Subscribe to our free, weekly email newsletter!


Panjiva data shows slight sequential improvements in global trade activity from September to October

By Jeff Berman, Group News Editor
November 17, 2011

After alarming declines from August to September, data from Panjiva, an online search engine with detailed information on global suppliers and manufacturers, indicated that global trade activity showed a bit of a “leveling off” from September to October.

Panjiva reported that the number of United States-bound waterborne shipments—at 1,027,973—was down 0.2 percent from September to October and was off 0.4 percent annually.

This is significantly better than the 8 percent decline from August to September, although with the slight sequential decline shipments dropped for the third time in the last seven months. In 2010, 2009, 2008, and 2007 September to October shipments were down 2 percent, up 3 percent, up 1 percent and up 2 percent, respectively, said Panjiva.

And manufacturers shipping to the U.S. came in at 141,999 for a 0.4 percent gain from September to October and a 0.5 percent annual hike. In 2010, 2009, 2008, and 2007 the number of manufacturers shipping to the U.S. from September to October was down 2 percent, up 3 percent, up 1 percent, and up 2 percent, respectively.

Given the current global economic environment, with ongoing uncertainty regarding the Euro and related sovereign debt issues in Greece and southern Europe, Panjiva CEO Josh Green told LM that this most recent batch of numbers was better than expected, given how difficult August to September was.

“I was expecting bad news,” said Green. “The concern was that this was a trajectory, and I think what appears to be the case is that some orders in past years that may have come in September ended up coming in October. The October numbers—given all that is going on in the world—should be viewed as positive.”

With shipments rebounding to a certain degree from September to October, Green explained this reflects how the economy is in a ‘post-2008’ world, when the Great Recession began, compared to a ‘pre-2008’ world.

The reason for this is that myriad retailers and manufacturers were stuck with extra inventory from 2008 to 2009, and as they began planning for the holiday season in subsequent years there has been more of a cautious approach to planning shipments and related supply chain activities.

“One of the differences between this year and last year is that last year there hope we were in the midst of a true recovery,” said Green. “People were being cautious, but there seemed to be an anticipation of needing to prepare for the coming growth. Now, I think, that anticipation is balanced by fear about what is going on in the macroeconomic environment, coupled with people being just plain cautious. Right now, all eyes are focused on what is happening in Europe and assessing how the holiday season is going to turn out for retailers. What happens on those two fronts will tell us a lot about what is going to happen in 2012.”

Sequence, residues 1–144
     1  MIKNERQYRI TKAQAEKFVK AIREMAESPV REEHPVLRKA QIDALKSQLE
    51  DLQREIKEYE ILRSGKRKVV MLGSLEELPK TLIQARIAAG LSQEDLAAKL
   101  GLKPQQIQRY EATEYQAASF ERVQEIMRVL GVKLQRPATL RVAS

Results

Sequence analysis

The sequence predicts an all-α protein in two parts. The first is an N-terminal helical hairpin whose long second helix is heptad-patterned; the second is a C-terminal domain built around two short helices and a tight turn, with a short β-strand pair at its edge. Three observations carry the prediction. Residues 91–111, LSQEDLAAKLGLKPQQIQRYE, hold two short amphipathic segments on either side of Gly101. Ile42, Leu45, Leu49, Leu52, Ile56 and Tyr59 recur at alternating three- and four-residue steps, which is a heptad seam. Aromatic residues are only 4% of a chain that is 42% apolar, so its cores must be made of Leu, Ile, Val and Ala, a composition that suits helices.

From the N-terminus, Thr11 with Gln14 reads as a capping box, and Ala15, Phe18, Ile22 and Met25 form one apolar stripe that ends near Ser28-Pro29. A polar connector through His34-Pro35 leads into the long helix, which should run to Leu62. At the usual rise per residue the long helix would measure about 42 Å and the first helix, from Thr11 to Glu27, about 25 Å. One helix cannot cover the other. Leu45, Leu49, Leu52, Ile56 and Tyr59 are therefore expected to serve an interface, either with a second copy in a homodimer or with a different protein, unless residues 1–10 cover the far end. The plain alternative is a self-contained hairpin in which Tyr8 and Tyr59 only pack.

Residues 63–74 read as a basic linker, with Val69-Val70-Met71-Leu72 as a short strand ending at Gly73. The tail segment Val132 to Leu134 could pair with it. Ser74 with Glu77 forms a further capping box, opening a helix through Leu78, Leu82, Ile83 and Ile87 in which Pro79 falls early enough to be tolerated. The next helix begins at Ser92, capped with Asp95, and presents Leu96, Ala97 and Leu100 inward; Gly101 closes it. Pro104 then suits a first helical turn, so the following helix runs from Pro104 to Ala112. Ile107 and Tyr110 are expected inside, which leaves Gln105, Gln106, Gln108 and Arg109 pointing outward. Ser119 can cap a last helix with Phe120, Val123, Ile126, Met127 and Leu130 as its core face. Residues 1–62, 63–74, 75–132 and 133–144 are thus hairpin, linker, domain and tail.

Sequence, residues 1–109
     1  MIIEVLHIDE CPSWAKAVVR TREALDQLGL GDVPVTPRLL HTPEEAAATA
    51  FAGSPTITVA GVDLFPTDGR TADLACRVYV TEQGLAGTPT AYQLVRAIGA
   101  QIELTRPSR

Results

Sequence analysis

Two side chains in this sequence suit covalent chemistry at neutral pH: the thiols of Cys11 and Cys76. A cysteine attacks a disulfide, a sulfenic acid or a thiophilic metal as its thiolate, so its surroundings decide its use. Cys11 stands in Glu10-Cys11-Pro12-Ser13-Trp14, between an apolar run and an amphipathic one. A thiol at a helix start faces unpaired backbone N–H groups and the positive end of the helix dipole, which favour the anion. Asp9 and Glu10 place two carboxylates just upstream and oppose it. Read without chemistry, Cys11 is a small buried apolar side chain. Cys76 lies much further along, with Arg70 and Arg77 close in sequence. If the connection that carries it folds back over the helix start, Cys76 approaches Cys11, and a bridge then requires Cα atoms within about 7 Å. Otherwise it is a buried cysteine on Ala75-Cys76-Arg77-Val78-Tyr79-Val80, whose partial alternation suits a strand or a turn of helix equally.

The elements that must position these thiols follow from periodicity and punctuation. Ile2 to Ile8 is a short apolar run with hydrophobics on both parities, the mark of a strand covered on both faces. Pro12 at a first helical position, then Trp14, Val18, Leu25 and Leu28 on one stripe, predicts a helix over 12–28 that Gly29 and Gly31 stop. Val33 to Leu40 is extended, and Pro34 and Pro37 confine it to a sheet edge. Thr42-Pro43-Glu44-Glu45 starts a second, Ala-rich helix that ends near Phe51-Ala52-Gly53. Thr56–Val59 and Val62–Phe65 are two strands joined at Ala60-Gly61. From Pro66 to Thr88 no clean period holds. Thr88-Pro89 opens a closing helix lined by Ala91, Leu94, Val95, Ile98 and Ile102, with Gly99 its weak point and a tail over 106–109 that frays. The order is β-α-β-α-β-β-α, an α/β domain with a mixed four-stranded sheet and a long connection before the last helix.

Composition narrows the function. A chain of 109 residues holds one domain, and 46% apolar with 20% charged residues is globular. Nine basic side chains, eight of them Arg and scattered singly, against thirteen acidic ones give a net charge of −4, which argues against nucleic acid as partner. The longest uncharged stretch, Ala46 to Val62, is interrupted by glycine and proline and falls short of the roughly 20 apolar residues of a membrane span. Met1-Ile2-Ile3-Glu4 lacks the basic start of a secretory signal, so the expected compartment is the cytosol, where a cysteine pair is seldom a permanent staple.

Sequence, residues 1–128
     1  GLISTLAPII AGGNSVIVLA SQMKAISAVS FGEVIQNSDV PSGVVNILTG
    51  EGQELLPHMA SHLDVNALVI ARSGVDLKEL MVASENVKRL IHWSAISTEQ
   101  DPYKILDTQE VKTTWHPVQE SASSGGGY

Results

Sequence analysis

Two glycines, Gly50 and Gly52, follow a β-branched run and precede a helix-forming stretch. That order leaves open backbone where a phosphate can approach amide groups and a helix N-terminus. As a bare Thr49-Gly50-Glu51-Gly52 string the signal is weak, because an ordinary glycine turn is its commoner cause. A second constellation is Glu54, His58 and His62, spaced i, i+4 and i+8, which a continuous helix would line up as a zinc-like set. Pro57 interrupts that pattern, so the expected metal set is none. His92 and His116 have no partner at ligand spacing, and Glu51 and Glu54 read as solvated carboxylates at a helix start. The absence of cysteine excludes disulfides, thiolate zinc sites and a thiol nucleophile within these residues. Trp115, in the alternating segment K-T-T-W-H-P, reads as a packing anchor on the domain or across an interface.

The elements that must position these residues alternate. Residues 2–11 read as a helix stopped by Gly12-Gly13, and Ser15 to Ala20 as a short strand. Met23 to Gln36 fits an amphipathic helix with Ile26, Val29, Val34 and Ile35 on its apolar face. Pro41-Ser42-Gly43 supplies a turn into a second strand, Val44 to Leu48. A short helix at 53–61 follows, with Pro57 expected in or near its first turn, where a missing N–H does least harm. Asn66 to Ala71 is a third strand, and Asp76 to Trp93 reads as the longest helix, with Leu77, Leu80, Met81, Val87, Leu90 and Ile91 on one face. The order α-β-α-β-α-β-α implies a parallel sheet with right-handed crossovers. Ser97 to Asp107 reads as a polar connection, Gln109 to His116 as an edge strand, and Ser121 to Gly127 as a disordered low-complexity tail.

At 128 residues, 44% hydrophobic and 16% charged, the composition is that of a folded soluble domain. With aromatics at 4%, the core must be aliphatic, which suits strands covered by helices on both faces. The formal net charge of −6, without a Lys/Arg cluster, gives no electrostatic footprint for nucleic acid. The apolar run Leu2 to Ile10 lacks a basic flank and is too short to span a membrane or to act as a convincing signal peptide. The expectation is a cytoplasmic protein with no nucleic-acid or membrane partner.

About the Author

Jeff Berman headshot
Jeff Berman
Group News Editor

Jeff Berman is Group News Editor for Logistics Management, Modern Materials Handling, and Supply Chain Management Review. Jeff works and lives in Cape Elizabeth, Maine, where he covers all aspects of the supply chain, logistics, freight transportation, and materials handling sectors on a daily basis. .(JavaScript must be enabled to view this email address).


Subscribe to Logistics Management magazine

Subscribe today. It's FREE!
Get timely insider information that you can use to better manage your
entire logistics operation.
Start your FREE subscription today!

Recent Entries

Hackett observed in the new report that China’s economy has lost steam, with actual growth falling short of targeted rates, while the United States most recent second quarter GDP reading at 3.7 percent outpaced expected targets, even though it was negatively impacted by gains in manufacturing and retail inventories.

The proposed merger of Cosco and CSCL could spark further container consolidation

The average price dropped 4.7 cents to $2.514 per gallon, which now stands at the lowest weekly average price for diesel since July 2009, when it was at $2.542 the week of July 27, 2009, according to EIA data.

The Department of Transportation’s Bureau of Transportation Statistics (BTS) reported this week that U.S. trade with its North America Free Trade Agreement partners Canada and Mexico in June dropped 3.8 percent annually to $99.0 billion. This followed a 10.8 percent decline in May to $92.7 billion.

As the calendar turns to September and we approach 2015’s final third, there are, as usual, many things that require our attention from a freight transportation, logistics, and supply chain perspective.

Article Topics

News · Global Logistics · Trade · Panjiva · All topics

Comments

Post a comment
Commenting is not available in this channel entry.


© Copyright 2015 Peerless Media LLC, a division of EH Publishing, Inc • 111 Speen Street, Ste 200, Framingham, MA 01701 USA